Profiles in Recovery

Corey Hudson

“Every heart has a story to tell.” That’s the refrain of a growing photojournalism movement, Hearts of Strangers, founded by Hudson to inspire empathy and courage. He interviews strangers about the hardships in their lives – and documents the resilience of the human spirit.

The project has been a big part of Hudson’s own recovery from drug addiction and crippling, suicidal depression.

“It was in the psychiatric ward that I began . . . to acknowledge the wounds and trauma, and learn to love and care for myself through that process — without shame, guilt or fear,” Hudson says. “I believe that anything that enhances your connection and vibration with yourself, your environment and with all beings is a form of therapy we should utilize.”

Day Job:
Recovery support specialist, author/photographer, creator of
Hearts of Strangers.” Mental health advocate and public speaker.

What I lost to addiction:
I lost the most important connection of all — the connection with myself. Because of that, I was not able to sustain healthy relationships with my family, friends, romantic partners or employers. The amount of money and basic necessities I sacrificed in order to continually escape the pain left me without a home and the means to care for myself.

At my worst, I was:
Attempting to take my own life. I could have died many times simply from the risks I was taking while being high, intoxicated or just so depressed that I no longer cared what happened to me.

Favorite recovery quote:
“When I healed the trauma, the addictions went away.”
What I learned about myself:
I learned that I am enough, I do enough, I have enough, and that my worth and value is not based on what others see, but how I see myself. The more you love yourself unconditionally, the more unconditional the other relationship in your life will become. You don’t have to convince anyone to love you – you are worthy of love and belonging.

Best advice for newbies:
If you want your life to change, you must not fear asking for or accepting help. There is no instant relief from pain and suffering, but with healthier coping skills, you can and will heal. It’s going to take just as many choices to head in a new direction as it took to get to where you find yourself today.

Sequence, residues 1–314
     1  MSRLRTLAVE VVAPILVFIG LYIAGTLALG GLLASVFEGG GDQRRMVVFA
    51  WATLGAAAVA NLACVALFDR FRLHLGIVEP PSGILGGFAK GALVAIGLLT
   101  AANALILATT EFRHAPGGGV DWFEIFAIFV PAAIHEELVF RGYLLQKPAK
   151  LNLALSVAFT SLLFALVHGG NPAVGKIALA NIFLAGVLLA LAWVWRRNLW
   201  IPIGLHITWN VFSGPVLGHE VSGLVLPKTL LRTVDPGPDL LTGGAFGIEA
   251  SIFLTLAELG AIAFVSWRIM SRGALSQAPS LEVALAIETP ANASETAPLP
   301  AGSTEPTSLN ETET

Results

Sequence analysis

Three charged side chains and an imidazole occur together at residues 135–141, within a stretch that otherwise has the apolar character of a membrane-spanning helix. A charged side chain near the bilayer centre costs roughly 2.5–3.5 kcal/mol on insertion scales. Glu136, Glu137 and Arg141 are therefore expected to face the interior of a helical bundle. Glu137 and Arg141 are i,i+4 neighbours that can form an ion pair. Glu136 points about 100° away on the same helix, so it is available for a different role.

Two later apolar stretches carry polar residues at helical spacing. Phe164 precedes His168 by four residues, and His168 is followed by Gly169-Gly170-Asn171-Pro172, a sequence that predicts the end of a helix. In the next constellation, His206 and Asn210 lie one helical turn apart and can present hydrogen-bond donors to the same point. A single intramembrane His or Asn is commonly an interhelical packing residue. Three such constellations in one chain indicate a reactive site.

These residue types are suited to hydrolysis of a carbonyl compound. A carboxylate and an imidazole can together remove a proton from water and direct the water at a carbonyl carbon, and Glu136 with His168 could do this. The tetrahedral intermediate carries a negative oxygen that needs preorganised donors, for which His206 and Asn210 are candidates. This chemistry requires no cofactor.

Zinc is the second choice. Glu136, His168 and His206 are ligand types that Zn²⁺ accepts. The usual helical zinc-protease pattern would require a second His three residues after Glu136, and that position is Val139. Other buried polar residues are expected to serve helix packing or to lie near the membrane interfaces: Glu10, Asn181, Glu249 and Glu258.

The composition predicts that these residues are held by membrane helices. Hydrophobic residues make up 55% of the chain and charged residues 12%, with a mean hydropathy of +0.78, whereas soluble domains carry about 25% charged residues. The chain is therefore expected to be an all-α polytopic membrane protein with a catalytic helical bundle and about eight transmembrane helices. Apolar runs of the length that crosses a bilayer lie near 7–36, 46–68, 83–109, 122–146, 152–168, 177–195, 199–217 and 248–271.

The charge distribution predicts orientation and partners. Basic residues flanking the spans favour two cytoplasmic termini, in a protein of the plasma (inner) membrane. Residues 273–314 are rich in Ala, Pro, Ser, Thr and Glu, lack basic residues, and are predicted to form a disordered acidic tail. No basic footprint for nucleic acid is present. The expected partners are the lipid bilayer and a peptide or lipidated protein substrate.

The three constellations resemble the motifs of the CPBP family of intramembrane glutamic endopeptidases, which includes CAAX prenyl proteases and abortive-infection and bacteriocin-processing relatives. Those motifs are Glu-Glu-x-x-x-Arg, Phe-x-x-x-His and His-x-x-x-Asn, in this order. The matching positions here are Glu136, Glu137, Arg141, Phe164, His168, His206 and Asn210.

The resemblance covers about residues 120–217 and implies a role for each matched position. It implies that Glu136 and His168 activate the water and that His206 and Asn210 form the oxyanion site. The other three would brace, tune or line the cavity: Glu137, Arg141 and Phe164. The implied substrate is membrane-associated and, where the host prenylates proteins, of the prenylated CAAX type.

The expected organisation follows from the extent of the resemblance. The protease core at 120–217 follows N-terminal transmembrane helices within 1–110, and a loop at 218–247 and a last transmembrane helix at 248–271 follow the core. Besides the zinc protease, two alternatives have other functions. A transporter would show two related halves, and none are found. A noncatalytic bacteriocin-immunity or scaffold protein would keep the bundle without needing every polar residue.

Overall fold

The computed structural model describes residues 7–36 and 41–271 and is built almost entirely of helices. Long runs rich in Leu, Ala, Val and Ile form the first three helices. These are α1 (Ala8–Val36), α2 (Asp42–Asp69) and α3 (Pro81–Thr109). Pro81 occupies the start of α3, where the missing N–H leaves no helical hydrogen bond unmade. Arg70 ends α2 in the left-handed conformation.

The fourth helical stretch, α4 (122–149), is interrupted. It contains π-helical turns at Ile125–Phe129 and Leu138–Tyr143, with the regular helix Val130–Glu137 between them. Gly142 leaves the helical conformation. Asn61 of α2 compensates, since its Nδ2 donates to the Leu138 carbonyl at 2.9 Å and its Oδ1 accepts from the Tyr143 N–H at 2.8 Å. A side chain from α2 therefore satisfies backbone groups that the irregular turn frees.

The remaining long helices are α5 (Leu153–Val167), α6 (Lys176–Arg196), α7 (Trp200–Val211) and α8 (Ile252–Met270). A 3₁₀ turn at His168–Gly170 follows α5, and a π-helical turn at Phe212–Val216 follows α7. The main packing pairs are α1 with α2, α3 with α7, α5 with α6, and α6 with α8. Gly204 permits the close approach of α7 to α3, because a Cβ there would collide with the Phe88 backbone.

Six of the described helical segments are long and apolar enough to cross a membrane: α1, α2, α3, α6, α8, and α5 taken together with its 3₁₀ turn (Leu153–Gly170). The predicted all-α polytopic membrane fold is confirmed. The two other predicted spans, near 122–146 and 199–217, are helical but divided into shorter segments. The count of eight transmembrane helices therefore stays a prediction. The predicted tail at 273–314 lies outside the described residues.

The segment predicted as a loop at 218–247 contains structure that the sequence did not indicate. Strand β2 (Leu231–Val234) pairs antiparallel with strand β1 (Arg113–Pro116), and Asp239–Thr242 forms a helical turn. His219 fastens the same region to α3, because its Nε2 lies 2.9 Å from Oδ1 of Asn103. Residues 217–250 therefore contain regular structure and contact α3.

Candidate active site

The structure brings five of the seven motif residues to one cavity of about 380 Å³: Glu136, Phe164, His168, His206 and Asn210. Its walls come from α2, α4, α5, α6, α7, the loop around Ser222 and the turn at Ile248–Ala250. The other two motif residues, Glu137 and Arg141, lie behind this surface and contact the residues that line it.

What I value most in recovery:
My consciousness.

What worked for me:
I learned that by discarding the masks we wear to disguise the pain we experience as human beings, we can truly be seen and loved unconditionally for who we are — regardless of where we are.

Once I began loving myself and making choices that honored and reflected that relationship, my life and exterior relationships began to change for the better. Some other useful tools have been creative outlets, yoga, meditation, nutrition, exercise, nature, children, animals, audio journaling, talk therapy and inspiring books and TedTalks.

Advice to my younger self:
Don’t wait for permission to be you.

I get inspired by:
The resilience of ordinary human beings who are courageously rebuilding their lives despite the magnitude of damage they experience, the lack of resources they have, and the degree of fear they experience.

On finding purpose:
Everything we experience is useful. Use your gifts, talents and abilities to recycle them into something you can create right now, where you are, with what you have. Do it with the intention of helping others in a way that you may have needed or wanted when you were struggling in silence and fear.

This not only gives our lives purpose and meaning, but creates mutual healing.

Shed the Stigma:
If you’re a person in long-term recovery who wants to share your
insights, please contact us at [email protected].